These are people that rely on their daily incomes in cash to buy food, buy drugs to take care of their health, take care of their children’s education, and keep their souls and bodies together in their own little way in a country where their well-being is of less concern to the people that rule over them.
They are micro traders who dominate the informal sector and rely solely on daily sales and payment in cash for services rendered through hard labour before they can eat and feed their family members and other dependents.
Through the non-availability of cash to enable them to carry out their enterprises, these people are already dropping dead. It was shocking when the news broke on Saturday morning of a radio presenter in Ibadan who was said to be trekking because the radio station had no cash for its early morning programme.
He never reached the station, several miles away, because it was reported he slumped on the way. It is easy to imagine the condition of this man that led to his finishing the journey of his life by collapsing by the roadside.
Lack of cash and his inability to gain access to what he had in his bank account would have affected the quality of his food intake. Perhaps he was not able to eat the night before, and in the week preceding this unfortunate incident, he had forced himself to adjust the eating pattern of his family to reflect the cashless situation.
The Central Bank of Nigeria’s (CBN) demonetisation policy had destroyed the businesses of several millions of Nigerians. Go to local markets where petty traders hawk their wares and see waste.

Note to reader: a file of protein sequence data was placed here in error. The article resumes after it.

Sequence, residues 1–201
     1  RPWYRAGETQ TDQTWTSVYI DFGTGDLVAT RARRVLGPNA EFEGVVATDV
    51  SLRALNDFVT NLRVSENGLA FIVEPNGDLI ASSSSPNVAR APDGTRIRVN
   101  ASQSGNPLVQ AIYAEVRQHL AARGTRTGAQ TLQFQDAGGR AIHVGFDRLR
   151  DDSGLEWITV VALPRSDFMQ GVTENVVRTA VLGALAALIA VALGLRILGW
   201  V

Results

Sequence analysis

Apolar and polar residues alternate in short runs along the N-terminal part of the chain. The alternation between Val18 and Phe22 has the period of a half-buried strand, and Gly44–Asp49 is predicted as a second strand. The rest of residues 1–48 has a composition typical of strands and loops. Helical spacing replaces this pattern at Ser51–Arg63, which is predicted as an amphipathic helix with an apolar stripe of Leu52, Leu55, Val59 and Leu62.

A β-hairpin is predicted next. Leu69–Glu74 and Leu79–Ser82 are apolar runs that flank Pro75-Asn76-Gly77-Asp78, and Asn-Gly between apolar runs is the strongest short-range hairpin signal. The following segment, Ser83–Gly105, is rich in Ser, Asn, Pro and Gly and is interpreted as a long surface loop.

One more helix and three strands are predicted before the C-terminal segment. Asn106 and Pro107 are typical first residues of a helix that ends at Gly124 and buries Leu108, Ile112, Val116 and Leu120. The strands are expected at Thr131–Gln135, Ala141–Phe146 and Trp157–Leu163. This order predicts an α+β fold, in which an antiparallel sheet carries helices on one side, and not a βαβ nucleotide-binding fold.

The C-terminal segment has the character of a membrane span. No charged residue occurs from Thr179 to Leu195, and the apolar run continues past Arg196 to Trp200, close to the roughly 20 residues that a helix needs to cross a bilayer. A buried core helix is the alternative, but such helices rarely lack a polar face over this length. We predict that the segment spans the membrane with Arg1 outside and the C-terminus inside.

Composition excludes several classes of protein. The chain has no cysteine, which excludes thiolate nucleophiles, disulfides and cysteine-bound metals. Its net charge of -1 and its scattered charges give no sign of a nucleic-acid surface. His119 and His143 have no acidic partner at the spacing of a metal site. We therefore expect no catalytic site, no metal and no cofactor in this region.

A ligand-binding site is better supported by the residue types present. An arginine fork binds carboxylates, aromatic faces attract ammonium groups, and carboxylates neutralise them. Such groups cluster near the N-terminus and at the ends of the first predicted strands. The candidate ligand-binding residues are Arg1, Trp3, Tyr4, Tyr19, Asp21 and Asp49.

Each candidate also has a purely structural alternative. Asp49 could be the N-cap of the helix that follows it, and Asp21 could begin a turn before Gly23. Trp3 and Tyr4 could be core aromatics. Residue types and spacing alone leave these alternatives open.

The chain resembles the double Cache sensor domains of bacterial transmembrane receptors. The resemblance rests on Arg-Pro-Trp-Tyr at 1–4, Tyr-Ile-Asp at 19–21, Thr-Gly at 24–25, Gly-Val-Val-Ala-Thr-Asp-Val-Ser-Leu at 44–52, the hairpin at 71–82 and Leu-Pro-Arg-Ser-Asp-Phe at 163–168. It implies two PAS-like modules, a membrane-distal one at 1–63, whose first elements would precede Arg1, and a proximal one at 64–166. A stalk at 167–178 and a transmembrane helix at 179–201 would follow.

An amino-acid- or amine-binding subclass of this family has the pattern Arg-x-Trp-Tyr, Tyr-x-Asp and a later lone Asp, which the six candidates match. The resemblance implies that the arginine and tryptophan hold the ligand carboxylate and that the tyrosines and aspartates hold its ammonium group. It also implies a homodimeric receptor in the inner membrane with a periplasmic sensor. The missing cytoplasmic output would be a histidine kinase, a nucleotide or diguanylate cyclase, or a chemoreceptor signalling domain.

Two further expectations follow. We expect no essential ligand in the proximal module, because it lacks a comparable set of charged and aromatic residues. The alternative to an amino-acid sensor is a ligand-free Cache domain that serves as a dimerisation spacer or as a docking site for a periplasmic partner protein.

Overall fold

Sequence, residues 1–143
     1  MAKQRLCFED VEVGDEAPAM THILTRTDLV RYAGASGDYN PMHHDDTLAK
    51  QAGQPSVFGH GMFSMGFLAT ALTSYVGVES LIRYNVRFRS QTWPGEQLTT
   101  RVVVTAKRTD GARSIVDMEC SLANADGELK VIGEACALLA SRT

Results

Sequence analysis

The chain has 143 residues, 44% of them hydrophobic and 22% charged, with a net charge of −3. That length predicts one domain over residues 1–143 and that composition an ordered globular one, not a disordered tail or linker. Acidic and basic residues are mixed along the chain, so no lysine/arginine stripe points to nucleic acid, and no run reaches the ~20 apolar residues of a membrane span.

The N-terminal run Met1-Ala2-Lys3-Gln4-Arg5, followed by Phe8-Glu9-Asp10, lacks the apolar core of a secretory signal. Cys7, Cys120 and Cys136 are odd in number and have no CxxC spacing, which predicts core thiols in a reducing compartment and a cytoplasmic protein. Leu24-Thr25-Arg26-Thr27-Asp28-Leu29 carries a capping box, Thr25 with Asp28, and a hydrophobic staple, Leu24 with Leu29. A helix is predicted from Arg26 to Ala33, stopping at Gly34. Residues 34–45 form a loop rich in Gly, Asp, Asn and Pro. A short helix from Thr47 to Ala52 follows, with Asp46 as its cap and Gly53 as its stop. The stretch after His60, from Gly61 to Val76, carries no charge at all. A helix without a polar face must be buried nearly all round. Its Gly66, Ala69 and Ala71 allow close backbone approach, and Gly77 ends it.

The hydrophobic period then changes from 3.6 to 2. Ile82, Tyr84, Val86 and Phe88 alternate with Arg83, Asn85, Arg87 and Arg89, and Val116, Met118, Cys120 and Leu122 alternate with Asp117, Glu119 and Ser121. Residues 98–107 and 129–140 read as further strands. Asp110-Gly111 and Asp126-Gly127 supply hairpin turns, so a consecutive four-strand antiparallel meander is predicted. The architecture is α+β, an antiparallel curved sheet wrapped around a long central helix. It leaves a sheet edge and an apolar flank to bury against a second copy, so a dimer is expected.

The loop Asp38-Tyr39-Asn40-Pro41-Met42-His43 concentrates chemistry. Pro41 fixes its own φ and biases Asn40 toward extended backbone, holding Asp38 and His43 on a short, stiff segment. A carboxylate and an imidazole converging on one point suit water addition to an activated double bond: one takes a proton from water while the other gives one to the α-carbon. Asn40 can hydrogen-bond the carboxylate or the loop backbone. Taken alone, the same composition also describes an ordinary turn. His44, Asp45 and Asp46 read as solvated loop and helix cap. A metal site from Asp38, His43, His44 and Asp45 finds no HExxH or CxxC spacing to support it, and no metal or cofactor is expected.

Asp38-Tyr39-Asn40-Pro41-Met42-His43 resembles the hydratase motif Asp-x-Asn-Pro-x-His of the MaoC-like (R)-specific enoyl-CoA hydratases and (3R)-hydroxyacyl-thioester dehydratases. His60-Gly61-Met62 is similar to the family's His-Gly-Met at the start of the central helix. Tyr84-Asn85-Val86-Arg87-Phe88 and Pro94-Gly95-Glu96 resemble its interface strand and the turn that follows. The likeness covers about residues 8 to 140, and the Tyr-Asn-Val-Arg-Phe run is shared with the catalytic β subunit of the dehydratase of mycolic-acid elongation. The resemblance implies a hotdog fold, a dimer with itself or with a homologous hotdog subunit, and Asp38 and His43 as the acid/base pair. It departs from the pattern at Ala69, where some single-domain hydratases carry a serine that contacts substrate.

Yam sellers, fish sellers, plantain sellers, and others like them have lost their businesses. These over 135 million are people who don’t have bank accounts and are trying to sell to those who don’t have the cash to buy.
For months now, it has been a case of hunger, misery, and untimely death among these multi-dimensionally poor people. This pathetic state is caused by CBN’s inability to understand the state and condition of the people it is churning out policies to affect. Mr CBN Governor, your currency reform policy, like others before them, are too deficient and myopic.
Now, to the market leaders and trade association leaders, this is the time to think outside the box to help your members who are negatively affected by the current CBN cashless activities.
Instead of appearing helpless and disillusioned as leaders of the micro traders, it is time to think outside the box. You need to get more organised and become more effective in your leadership responsibilities.
Unusual situations require an unusual approach. If the policymakers have no place for you in their thinking, you need to reinvent your own approach to mitigate and cushion the negative impacts of policies that affect how you do business.
This is not the time to be rigid in approach and process. If your members rely on cash before they can sell and the buyers have no cash, perhaps you need to consider having a point of sale where buyers can pay for purchases and you have a good understanding with your trader-members to have their money.
The cashless situation we currently experiencing lends credence to the cooperative economy I have been talking and writing about for years. Individualism is failing; you need to become more organised and collaborative to seize opportunities and enjoy good business.
* Editor’s Note: This article was written before the CBN issued a statement on its compliance with the Supreme Court ruling on old naira notes
- Emmanuel is a business planning consultant and the founder of Leacent Incorporated Trustees, a network of entrepreneurs and a group of cooperatives.